Ofcom, the televison, radio and communications regulator, has just released the results of a study into the use of offensive language (PDF, long) in television and radio programs, covering both general expletives and words that negatively stereotype or attack a particular group ("discriminatory language", in the report).
They asked both generalised groups of people, and regarding the discriminatory language, they also asked the targets of specific words.
Unsurprisingly, the targets of specific words were more likely to consider the language offensive and either unacceptable for broadcast or requiring extreme caution and consideration of appropriateness and context in its use, while people who were generally privileged in that respect were not only less likely to consider it offensive themselves but also less likely to expect that people from the target group would consider it offensive.
The groups sampled were relatively small - 94 in the general samples which were balanced for gender, race, employment status, political views, television usage, age and number of children (and almost certainly included some LGBT or disabled people, but this was not monitored or recorded), with a mix of group discussions and in-depth interviews.
There were then 35 people asked, in 5 group discussions and 7 in-depth interviews, specifically: group discussions for LGB people (split into LB and GB), a group discussion for trans women, and two group discussions for male and female travellers; in-depth interviews of one trans man, three people with disabilities (one mental health condition, one mobility-related disability, and one learning-related disability, those being the three groups for which most complaints had previously been received), and three carers for people with disabilities (same disability groupings).
The general sample size is probably large enough, but some of the sub-samples for particular groups were very small indeed: essentially the study's findings on the effect of certain forms of language on its target are informed by the opinions of one person. For disability-related language they asked three people with disabilities and three carers (who may also have had disabilities, of course, but this isn't recorded).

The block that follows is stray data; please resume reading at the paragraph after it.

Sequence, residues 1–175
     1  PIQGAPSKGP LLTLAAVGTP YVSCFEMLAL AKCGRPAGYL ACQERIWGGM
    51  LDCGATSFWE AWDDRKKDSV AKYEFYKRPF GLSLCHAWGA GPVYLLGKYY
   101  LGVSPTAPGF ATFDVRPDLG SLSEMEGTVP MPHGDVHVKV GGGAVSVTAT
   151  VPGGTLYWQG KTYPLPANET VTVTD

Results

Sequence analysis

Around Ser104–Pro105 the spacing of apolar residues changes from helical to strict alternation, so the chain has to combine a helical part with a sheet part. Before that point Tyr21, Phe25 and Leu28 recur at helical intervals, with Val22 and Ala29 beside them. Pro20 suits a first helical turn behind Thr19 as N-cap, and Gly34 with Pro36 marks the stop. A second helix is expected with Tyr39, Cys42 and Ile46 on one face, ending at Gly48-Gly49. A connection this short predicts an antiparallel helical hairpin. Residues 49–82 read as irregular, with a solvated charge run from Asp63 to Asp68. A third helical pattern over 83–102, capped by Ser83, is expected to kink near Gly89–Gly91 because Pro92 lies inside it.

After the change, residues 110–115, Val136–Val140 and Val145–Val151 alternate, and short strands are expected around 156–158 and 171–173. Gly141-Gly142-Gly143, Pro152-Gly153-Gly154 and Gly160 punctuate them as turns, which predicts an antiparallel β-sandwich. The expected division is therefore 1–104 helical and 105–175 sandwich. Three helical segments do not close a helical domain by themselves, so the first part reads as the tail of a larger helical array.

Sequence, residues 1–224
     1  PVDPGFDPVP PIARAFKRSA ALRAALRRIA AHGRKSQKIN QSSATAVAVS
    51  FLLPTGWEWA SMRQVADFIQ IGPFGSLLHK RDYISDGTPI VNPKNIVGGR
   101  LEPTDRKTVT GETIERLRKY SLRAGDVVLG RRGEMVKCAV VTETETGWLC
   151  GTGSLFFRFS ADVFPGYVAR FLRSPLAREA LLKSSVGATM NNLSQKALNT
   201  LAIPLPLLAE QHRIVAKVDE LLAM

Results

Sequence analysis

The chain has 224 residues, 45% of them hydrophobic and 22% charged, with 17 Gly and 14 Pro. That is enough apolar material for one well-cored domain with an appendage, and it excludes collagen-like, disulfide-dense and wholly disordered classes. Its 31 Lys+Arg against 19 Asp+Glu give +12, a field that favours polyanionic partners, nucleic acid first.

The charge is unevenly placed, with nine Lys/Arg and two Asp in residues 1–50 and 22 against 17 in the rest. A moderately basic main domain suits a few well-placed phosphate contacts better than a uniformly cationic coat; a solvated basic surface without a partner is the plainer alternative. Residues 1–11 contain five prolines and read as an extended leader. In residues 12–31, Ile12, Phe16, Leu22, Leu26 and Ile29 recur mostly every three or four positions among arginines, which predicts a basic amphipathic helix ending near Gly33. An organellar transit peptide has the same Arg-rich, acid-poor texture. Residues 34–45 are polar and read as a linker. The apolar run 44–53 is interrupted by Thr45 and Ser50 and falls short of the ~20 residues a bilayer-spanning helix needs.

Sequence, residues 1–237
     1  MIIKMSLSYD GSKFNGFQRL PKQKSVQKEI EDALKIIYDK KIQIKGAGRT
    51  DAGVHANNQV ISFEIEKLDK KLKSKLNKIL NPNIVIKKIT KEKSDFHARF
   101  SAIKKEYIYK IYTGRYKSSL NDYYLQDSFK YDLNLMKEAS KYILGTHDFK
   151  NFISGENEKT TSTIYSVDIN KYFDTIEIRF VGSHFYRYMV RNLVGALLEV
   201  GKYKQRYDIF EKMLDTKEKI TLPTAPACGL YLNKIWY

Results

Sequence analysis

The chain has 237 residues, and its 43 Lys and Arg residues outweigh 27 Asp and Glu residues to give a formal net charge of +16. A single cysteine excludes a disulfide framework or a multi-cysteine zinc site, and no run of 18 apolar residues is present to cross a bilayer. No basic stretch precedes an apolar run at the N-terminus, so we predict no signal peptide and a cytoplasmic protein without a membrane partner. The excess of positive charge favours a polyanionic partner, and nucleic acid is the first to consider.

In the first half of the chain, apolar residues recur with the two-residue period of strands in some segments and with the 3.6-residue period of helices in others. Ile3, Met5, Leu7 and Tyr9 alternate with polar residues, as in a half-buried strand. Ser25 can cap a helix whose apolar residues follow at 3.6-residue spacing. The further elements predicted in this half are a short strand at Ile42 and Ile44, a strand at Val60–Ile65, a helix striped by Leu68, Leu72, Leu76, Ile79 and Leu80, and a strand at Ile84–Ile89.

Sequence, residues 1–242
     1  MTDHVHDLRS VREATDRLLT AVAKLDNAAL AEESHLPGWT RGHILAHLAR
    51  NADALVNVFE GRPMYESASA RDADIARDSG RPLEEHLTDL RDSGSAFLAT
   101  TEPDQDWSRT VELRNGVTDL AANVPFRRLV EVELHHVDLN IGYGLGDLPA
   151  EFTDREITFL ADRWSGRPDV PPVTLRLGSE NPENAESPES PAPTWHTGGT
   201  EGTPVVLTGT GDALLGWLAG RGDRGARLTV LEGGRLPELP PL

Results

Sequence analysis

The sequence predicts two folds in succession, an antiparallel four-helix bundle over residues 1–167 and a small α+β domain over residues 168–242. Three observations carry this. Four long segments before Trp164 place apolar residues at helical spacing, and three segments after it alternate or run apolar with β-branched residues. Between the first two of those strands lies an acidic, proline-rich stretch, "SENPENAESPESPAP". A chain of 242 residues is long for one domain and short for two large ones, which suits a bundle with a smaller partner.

There's a common situation where people without a particular privilege are asked to speak on behalf of everyone in that group. This is a particularly official example.
Within those limitations, however, interpreting the study does give some useful hints for future complaints about broadcasts of discriminatory language:
- That these words are particularly likely to be harmful to particular groups - and where the study supports this, that Ofcom's own research has found this - is usually the point of the complaint. However, the Broadcasting Code requires the use of "generally accepted standards", and so focusing on why this should centre the opinions of the targets rather than of the general population is also needed.
- Specifying which the word was inappropriate in that context will almost certainly improve the chances of a successful complaint. This is going to be most difficult for "comedy", because discriminatory language is "funny" and "edgy" and so on.
- Complaints regarding words not tested in the study or not regarded as offensive by the study will probably not be successful this time. However, it is still worth making them, as this will inform which words are tested in future studies.
- Looking at the Broadcasting Code's section on "harm and offence", arguing that the problem is harm rather than offence might work.
There is also some indication (though it might, given the small samples, be statistical noise) that attempts to educate regarding the discriminatory effects of language are working. In the appendices is a summary of the results of the previous study. None of the discriminatory language covered in both studies is considered less offensive now, and a couple of items have moved up in seriousness in the general consideration. So that's hopeful, at least.
Ofcom also seems to be making more of an effort this time round - though not enough of a sample yet - to solicit opinions from unprivileged groups, which might be an indication of it taking the issue more seriously.
It's not actually good news yet, but things do seem to be moving slowly in the right direction.